Installing a disciple-making operational system is a marathon, not a sprint. Perhaps this is why many choose to implement change at the service or programming level with no real lasting change. You can start a journey today. Please take a moment and fill our Disciple-Making Culture Assessment and schedule a free 30 minutes phone call today.
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Disciple making at its core is about worldview transformation. A person's worldview is the way they see and understand the world. Our worldview is based on our core beliefs. These non-negotiable beliefs determine our behavior. In other words, what we believe determines our behavior. As a disciple of Christ we might frame it this way, “What we believe about the gospel determines how we follow Jesus”.
I use a simple tool I created called the “Gospel Lens” to illustrate this. This tool is based on three questions that I believe have a very unique and specific relationship to one another.
These questions are:
It is essential that we begin with the gospel, move to disciple, and finally to the church in the order we ask and answer these questions. In other words, the gospel informs our understanding of disciples, and our understanding of disciples informs our understanding of the church.
Most often when it comes to worldview formation we begin with the church. When we do this it always distorts the image. The gospel informs the church, not the other way around. This is why Mike Breen says, “If you make disciples you will always get the church, but if you try to build the church you rarely get disciples”.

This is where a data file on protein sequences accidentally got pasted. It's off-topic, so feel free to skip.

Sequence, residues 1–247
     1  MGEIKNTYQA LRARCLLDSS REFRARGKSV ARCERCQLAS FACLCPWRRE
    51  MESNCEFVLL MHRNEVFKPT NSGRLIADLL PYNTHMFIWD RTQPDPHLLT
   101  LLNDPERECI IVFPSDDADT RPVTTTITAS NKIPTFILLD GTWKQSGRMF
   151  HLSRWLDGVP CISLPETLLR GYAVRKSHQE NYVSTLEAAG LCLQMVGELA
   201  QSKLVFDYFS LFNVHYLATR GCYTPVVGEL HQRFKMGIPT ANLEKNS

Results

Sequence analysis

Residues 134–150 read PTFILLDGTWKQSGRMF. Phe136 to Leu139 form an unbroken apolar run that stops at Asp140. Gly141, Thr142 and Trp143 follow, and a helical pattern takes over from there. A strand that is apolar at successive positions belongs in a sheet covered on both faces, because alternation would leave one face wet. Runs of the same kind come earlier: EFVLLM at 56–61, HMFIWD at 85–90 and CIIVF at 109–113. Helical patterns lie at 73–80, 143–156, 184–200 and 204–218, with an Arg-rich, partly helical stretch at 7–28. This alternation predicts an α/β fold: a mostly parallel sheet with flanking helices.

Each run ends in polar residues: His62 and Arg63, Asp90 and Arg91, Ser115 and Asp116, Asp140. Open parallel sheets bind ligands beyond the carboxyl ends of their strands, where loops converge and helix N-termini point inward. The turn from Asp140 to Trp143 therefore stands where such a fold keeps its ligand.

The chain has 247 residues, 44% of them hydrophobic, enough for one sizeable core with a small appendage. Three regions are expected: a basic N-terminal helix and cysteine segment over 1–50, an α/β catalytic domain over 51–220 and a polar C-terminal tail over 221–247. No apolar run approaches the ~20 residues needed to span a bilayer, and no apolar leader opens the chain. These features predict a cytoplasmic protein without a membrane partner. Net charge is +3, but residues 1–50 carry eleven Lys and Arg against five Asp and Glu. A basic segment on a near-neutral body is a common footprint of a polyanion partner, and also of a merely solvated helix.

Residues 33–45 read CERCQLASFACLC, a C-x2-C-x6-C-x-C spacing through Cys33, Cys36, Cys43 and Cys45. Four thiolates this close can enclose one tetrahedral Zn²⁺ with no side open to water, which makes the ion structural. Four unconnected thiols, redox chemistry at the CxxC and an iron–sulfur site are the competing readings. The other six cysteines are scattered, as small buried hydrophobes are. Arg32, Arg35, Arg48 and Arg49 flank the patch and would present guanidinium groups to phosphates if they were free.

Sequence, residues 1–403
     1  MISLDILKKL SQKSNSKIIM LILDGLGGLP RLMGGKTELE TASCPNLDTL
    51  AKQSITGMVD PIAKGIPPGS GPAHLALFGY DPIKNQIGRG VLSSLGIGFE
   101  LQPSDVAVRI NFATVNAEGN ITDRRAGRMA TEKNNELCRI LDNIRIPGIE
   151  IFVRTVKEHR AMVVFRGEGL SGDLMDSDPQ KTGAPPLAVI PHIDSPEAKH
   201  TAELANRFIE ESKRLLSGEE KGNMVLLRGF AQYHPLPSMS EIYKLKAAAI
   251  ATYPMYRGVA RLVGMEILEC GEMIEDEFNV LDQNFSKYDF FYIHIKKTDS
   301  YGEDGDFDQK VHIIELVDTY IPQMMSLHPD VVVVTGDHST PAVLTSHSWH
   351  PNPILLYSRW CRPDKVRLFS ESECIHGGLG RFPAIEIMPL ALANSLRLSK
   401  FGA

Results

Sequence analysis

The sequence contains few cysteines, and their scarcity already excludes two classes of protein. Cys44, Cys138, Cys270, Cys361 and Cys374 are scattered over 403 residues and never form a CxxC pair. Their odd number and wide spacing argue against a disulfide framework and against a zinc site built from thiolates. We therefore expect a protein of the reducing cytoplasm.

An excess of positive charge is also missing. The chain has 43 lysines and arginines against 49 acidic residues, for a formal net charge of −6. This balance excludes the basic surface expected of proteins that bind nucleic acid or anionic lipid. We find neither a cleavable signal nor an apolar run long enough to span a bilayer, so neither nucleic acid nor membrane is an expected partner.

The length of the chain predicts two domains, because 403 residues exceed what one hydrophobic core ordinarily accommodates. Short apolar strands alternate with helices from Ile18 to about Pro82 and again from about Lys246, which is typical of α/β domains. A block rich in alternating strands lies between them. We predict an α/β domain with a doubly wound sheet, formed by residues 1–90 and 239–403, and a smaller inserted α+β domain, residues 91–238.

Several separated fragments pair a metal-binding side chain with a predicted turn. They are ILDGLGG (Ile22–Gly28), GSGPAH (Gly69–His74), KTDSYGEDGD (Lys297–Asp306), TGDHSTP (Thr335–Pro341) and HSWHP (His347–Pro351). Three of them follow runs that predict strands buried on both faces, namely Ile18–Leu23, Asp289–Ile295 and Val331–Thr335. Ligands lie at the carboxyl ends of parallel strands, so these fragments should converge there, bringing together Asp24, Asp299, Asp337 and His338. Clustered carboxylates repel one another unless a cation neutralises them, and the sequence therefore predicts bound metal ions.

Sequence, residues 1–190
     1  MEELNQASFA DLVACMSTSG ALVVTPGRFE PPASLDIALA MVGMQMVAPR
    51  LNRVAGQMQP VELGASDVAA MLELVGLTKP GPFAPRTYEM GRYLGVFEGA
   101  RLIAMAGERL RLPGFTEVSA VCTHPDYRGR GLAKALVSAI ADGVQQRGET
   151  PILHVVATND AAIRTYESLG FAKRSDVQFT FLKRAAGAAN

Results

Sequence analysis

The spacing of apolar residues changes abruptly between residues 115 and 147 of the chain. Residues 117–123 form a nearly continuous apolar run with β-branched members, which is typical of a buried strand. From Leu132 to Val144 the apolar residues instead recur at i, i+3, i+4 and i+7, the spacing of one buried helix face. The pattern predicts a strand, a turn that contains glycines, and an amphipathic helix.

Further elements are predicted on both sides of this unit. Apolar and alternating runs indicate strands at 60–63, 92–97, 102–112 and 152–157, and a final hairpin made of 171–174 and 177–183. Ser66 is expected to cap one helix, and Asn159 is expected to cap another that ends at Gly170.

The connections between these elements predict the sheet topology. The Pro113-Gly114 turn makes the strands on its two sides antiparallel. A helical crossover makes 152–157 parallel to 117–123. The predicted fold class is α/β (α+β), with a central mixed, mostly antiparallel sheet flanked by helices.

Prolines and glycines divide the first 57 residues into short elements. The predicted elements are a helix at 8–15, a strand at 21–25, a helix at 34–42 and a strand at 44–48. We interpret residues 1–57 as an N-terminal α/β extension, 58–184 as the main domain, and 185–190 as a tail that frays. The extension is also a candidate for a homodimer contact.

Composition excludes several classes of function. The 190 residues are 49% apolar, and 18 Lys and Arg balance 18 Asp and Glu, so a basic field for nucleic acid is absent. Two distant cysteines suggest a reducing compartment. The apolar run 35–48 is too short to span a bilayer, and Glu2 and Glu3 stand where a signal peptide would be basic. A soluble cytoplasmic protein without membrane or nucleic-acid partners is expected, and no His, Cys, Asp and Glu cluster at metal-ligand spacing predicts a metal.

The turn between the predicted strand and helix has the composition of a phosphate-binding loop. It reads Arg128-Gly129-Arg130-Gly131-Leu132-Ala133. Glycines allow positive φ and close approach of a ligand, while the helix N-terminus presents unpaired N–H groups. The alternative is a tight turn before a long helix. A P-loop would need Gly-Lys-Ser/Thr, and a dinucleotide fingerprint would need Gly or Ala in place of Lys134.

Our tendency to typically begin with our understanding of church is exactly why I’ve written a new eBook that we are making available, One-Hour Theology. This eBook gives a brief answer to all three of these questions beginning with the gospel. For a free copy of One-Hour Theology attend our next webinar.
This webinar, Developing A Disciple-Making Worldview is schedule for November 27 at 2:00 PM EST. In this 20 minute webinar I am going to lay out what I believe is the DNA of disciple making and how to integrate it into every aspect of your church. This webinar builds off last months webinar, Transitioning from a Weekend-Only Culture to a Disciple-Making Culture. If you missed it you may want to download and watch it before our next webinar. Download the webinar here! You don’t want to miss either one of these as we lay a foundation that will transform your disciple making efforts.
Peter Drucker is credited with the statement, “Culture eats strategy for breakfast”. This statement is especially true when it relates to the church and how we approach disciple-making. Many churches have what I call a weekend only culture. This weekend only culture is when most of our energy and resources go into creating and sustaining a weekend service that attracts a large number of worshipers who mostly come merely to consume.